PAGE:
For September 2016, the equatorial Pacific Ocean’s sea-surface temperature (SST) anomaly over the Nino3.4 region was cooler than average at borderline La Niña threshold values (Figure A). Atmospheric variables, such as trade winds and cloudiness, over the equatorial Pacific indicate only weak signs of developing La Niña conditions. The Niño3.4 index for September 2016 was -0.53 (Figure B) and the latest 3-month average (July-September) is -0.44, which is still outside the -0.5 weak La Niña threshold. There were observed wetter -than-normal, large scale rainfall anomalies for the region in September 2016 (Figure C).
Experts assessing international climate models have maintained the probability of La Niña occurring at 60% chance and developing in the October – December season (Figure D) with weak or borderline La Niña being most likely (Figure E).
Impact of El Niño/La Niña on Southeast Asia
Typically the impact from La Niña for Southeast Asia is wetter-than-normal rainfall conditions, especially for the southern parts of the region (Maritime Continent) during June to October (Figure F). During El Niño events the opposite, i.e. drier-than-normal conditions, normally occurs. Locally-specific impact differs from place to place and for different seasons.
No two El Niño events or two La Niña events are alike in terms of their impact on the region’s rainfall and temperature. Furthermore, the strength of events and the corresponding impact do not always scale. For example, there were years where relatively weaker El Niño events induced more significant changes in rainfall than the stronger events.
- Figure A: On average the tropical Pacific Ocean region was cooler than average at borderline La Niña threshold values over the Niño3.4 region (red box, 120°W-170°W and 5°S-5°N) in September 2016 (image credit: IRI Map Room). Warm shades show regions of relative warming, while cool shades show regions of relative cooling with respect to 1971-2000 climatology for that month.
- Figure B: Monthly sea-surface temperature (SST) anomaly over the Niño3.4 region (120°W-170°W and 5°S-5°N) of the tropical Pacific Ocean from Nov 2015 to Sep 2016 (image credit: IRI Map Room). Both SST and atmospheric responses over the tropical Pacific Ocean indicate only weak signs of developing La Niña conditions.
- Figure C: Spatial rainfall anomaly patterns in the region for September 2016 (image credit: IRI Map Room). Brown (green) shades show drier (wetter) than the average climatological rainfall for August (1970 – 2009). There were observed wetter-than-normal, large scale rainfall anomalies for the region in September 2016. Quantitative anomaly values are only indicative due to limitations in the data source.
- Figure D: Probability of El Niño (red), La Niña (blue) and neutral conditions (green) for later part of 2016 and first half of 2017. La Niña conditions are favoured over neutral conditions during this period (image credit: IRI-CPC).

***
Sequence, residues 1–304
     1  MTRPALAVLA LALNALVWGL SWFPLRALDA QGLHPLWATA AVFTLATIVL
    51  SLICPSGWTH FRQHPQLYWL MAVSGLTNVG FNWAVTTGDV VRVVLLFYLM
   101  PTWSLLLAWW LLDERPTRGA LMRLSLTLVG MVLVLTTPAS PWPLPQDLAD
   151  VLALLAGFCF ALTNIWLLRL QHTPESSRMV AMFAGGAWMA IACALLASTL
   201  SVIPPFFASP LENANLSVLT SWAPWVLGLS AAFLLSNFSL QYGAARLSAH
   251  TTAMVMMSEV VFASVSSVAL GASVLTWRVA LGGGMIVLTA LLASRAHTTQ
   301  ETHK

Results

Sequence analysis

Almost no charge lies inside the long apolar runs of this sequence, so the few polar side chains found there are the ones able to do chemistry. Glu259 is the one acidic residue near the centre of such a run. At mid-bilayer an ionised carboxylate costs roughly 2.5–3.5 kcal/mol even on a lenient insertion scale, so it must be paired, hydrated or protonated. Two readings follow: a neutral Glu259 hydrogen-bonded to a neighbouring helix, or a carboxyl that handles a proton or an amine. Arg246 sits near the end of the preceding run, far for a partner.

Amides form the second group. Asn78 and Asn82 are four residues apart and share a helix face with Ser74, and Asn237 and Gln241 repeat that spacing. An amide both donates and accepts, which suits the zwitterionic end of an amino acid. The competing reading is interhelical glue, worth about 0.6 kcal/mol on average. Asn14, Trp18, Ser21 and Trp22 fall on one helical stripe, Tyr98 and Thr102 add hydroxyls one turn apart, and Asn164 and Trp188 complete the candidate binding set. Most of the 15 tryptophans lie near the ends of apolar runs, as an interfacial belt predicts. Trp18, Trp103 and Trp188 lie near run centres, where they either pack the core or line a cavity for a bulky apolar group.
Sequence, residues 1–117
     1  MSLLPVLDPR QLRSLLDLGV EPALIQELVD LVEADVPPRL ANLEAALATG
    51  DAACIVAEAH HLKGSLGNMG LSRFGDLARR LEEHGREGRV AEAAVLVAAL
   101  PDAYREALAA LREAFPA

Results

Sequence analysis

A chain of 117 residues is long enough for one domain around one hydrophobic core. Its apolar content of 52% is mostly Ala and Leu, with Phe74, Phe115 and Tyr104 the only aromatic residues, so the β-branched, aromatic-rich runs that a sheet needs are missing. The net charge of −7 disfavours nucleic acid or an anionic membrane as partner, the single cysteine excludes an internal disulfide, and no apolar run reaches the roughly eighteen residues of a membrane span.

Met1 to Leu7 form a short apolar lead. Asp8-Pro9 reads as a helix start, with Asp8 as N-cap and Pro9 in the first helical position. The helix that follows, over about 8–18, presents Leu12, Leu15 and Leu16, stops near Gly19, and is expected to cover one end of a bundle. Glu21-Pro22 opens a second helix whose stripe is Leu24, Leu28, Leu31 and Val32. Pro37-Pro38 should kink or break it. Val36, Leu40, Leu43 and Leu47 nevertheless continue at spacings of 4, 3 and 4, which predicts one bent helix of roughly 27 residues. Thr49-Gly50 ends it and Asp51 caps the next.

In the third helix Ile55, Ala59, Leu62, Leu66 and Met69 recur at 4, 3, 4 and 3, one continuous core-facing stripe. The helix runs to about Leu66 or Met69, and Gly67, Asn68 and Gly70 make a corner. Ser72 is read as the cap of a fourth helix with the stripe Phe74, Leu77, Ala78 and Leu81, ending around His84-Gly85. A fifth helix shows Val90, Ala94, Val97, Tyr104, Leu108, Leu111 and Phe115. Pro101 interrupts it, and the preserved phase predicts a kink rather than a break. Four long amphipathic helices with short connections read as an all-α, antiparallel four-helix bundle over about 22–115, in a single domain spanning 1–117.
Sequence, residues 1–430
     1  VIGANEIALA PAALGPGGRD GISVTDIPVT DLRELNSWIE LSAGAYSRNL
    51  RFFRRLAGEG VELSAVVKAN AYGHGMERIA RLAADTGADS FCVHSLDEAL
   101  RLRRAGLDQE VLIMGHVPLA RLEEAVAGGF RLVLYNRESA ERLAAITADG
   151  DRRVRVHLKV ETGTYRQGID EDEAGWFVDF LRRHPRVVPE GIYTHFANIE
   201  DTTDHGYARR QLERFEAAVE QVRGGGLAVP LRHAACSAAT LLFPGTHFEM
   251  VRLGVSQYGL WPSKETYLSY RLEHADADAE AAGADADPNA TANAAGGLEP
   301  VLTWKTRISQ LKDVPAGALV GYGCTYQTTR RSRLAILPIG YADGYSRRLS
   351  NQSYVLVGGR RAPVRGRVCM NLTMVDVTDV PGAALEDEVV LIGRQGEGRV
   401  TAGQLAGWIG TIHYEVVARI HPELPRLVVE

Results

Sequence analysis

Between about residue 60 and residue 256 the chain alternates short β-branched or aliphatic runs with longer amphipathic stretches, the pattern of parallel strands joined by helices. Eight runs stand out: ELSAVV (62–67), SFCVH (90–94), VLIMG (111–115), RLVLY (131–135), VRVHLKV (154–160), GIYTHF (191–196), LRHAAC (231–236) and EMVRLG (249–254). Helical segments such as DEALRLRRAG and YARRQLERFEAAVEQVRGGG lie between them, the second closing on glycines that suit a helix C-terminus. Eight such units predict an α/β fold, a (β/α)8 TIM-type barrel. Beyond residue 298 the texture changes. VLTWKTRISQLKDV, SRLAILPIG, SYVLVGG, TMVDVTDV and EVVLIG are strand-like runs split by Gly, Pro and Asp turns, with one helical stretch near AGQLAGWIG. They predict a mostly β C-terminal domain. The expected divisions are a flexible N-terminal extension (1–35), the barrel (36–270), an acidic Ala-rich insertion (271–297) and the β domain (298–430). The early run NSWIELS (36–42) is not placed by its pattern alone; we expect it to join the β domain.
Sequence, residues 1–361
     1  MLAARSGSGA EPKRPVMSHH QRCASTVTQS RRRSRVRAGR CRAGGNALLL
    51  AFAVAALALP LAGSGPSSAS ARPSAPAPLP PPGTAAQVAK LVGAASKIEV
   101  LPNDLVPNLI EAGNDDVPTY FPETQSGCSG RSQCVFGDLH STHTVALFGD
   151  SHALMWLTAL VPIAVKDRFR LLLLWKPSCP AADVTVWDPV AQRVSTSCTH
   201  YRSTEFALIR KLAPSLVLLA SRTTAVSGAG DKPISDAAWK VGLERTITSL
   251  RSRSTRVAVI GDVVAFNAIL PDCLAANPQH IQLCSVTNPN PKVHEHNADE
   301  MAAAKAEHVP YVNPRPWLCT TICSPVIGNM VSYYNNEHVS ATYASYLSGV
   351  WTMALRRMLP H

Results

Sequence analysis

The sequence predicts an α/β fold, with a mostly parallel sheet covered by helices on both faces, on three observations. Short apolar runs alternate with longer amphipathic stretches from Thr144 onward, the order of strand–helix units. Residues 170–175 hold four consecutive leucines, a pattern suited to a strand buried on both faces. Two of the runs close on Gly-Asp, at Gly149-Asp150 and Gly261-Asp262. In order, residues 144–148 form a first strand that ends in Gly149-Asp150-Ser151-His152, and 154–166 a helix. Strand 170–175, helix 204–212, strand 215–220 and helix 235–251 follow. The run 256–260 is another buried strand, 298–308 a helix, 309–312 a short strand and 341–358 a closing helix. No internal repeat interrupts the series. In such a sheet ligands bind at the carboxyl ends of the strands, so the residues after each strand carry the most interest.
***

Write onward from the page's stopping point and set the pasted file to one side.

- Figure E: Forecasts of Niño3.4 index’s strength for later part of 2016 and first half of 2017 from various seasonal prediction models of international climate centres. Values above 0.5°C indicate El Niño conditions, below -0.5°C indicate La Niña conditions, and in between indicate neutral conditions, i.e. neither El Niño nor La Niña. Models predict possibility of weak or borderline La Niña conditions establishing in the later part of 2016 (image credit: IRI-CPC).
- Figure F: June to October rainfall anomaly composite for La Niña years minus El Niño years. In general, green shades show regions where La Niña induce wetter conditions and El Niño induce drier conditions, while regions in brown shades show the opposite effect, i.e. La Niña inducing drier conditions and El Niño inducing wetter conditions (image credit: IRI Data Library). Note that this anomaly composite has been generated using limited number El Niño/La Niña occurrences between 1979 and 2015 and therefore should be interpreted with caution.
El Niño/La Niña
For El Niño/La Niña updates, MSS assesses information provided by the World Meteorological Organization (WMO) and various international climate centres, such as the Climate Prediction Center (CPC) US, the Bureau of Meteorology (BoM) Australia, as well information from the International Research Institute for Climate and Society (IRI) which contains model outputs from various other centres around the world. For more information on El Niño/La Niña, please refer to the FAQs website.
Frequently Asked Question
What is El Niño/La Niña and how do they affect weather in South East Asia?
In South East Asia, higher than normal rainfall tends to occur during a La Niña episode which may result in an increased occurrence of floods.
The correlation between El Niño/La Niña and its associated weather impacts on South East Asia differ from one place to another and for different seasons.
The image above shows the precipitation anomalies averaged over the El Niño and La Niña years. For instance, the impact of El Niño is typically stronger over the southern and eastern part of South East Asia during the months of Jun – Oct.